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The physicalities of African documentaries: the case of Ateyyat El Abnoudy from Egypt

The physicalities of African documentaries: the case of Ateyyat El Abnoudy from Egypt
The physicalities of African documentaries: the case of Ateyyat El Abnoudy from Egypt
Egyptian cinema has dominated the North African and Middle Eastern region since the fifties. Only occasionally do independent films get national release, for example when they are exceptionally successful abroad (such as Ein Shams (2009) by Ibrahim el Batout). When considering the rest of the Arab region, Egyptian melodrama has dominated commercial releases. This transnationalism of commercial Egyptian films has blinded audiences to the experimental and independent productions. Egypt’s hegemony over other national cinemas in the region is based on the studio films exported throughout the African continent. However, national cinema is much more than what is popular and commercial. It is crucial to study the undercurrent in filmmaking, as it is the creative nature of directors and their innovations that ultimately define the value of a national cinema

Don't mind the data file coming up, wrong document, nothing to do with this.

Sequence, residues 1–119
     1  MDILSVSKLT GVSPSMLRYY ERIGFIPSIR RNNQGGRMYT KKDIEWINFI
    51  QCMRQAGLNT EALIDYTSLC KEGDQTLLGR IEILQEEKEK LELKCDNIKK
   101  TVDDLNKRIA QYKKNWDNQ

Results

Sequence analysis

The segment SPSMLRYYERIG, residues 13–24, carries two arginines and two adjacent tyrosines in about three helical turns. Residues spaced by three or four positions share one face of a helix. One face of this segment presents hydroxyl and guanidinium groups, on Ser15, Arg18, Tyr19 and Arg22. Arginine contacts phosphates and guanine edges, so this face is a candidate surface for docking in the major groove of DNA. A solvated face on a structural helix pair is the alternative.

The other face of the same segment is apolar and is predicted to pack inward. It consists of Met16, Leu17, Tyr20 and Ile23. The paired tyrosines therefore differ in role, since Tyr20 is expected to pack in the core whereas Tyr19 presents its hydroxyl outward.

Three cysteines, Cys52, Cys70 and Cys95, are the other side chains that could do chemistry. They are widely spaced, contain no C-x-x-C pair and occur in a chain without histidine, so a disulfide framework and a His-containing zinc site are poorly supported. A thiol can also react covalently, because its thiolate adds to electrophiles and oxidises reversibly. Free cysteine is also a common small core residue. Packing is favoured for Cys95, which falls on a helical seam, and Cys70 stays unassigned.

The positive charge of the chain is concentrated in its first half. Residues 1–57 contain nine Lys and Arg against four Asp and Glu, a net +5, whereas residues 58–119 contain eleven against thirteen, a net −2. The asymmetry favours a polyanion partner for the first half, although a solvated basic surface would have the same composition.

1930-1944
139-157
Van De Peer, Stefanie
51d35528-b8de-4778-958d-c5935f2b5358
Van De Peer, Stefanie
51d35528-b8de-4778-958d-c5935f2b5358

Van De Peer, Stefanie (2012) The physicalities of African documentaries: the case of Ateyyat El Abnoudy from Egypt. Critical Interventions, 18, 139-157.

Record type: Article

Abstract

Egyptian cinema has dominated the North African and Middle Eastern region since the fifties. Only occasionally do independent films get national release, for example when they are exceptionally successful abroad (such as Ein Shams (2009) by Ibrahim el Batout). When considering the rest of the Arab region, Egyptian melodrama has dominated commercial releases. This transnationalism of commercial Egyptian films has blinded audiences to the experimental and independent productions. Egypt’s hegemony over other national cinemas in the region is based on the studio films exported throughout the African continent. However, national cinema is much more than what is popular and commercial. It is crucial to study the undercurrent in filmmaking, as it is the creative nature of directors and their innovations that ultimately define the value of a national cinema

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Published date: February 2012
Organisations: Winchester School of Art

Identifiers

Local EPrints ID: 337787
URI: http://eprints.soton.ac.uk/id/eprint/337787
ISSN: 1930-1944
PURE UUID: 31696bc3-20ea-48b2-a3f2-f05bda1ca751

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Date deposited: 04 May 2012 08:28
Last modified: 01 Oct 2020 16:33

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Contributors

Author: Stefanie Van De Peer

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